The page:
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Impetus and impediments

K. Venugopal

PRICE reduction is a time-tested device to stimulate demand. The corporate sector knew it all the time; the explosive growth in the telecom sector in response to dramatic tariff cuts being the latest proof of the concept.

The Railway Minister, Mr Nitish Kumar, learnt the lesson the hard way. After raising passenger fares last year only to see earnings fall, he has reduced some fares this time in the belief that earnings will surge upwards. May be the need to catch the votes in the impending polls lent strength to his conviction, but the commercial need was strong all right.

The Finance Minister, Mr Jaswant Singh, too seems to have picked up this tack, but ambiguously. Reduction in the tax for the salaried sector and the abolition of the tax on dividends in the hands of the shareholder are some of the moves that will leave consumers with more spending power.

The continuation of the tax breaks for housing is designed to sustain the momentum in the construction industry, while the new funding strategy for road projects should invite investment in secondary roads to match the National Highways development programme that has played a distinct role in reviving sections of industry over the past year.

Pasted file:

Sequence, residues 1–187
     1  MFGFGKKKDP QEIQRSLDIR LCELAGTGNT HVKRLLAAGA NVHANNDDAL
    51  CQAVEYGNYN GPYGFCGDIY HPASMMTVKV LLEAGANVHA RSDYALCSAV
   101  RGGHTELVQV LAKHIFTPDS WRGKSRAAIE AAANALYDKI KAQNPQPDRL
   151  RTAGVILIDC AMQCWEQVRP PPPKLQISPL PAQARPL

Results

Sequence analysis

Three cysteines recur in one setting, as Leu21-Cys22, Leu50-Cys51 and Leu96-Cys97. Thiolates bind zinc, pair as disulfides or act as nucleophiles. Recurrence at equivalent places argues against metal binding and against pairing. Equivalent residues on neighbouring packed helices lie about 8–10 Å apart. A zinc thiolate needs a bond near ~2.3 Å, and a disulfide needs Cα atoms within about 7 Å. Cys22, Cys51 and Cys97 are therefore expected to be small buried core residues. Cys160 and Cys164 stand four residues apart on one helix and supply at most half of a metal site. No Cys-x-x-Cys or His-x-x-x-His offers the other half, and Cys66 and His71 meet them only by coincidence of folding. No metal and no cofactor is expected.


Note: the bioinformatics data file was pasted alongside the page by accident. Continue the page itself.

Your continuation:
The reduction in the excise duties on motor cars, air-conditioners, bicycles, pressure cookers, umbrellas, walking sticks, etc, may stoke new demand should manufacturers lower sticker prices.

But Mr Jaswant Singh failed to take the price-cut strategy any further, raising the duties on goods such as cement, petrol and diesel and, more pointedly, the service tax from five to eight per cent across the board. It has been the services sector that has been showing the maximum rate of growth this year (7.1 per cent) and shoring up the GDP growth to 4.4 per cent.

One rationale for the increase is that the rate of tax has only been brought up to the lowest excise rate on goods. Will the tax increase work on the mind of the consumer and dampen demand for these services?

The Budget numbers offer a clue to the thinking at North Block. Given the increase in the tax, the revenues from service tax are expected to rise from Rs 5,000 crore to Rs 8,000 crore. Whether it is lazy arithmetic or a perceptive study of market behaviour, the estimate indicates the Government does not expect any growth in volume in what has so far been some of the fastest growing segments of the economy.

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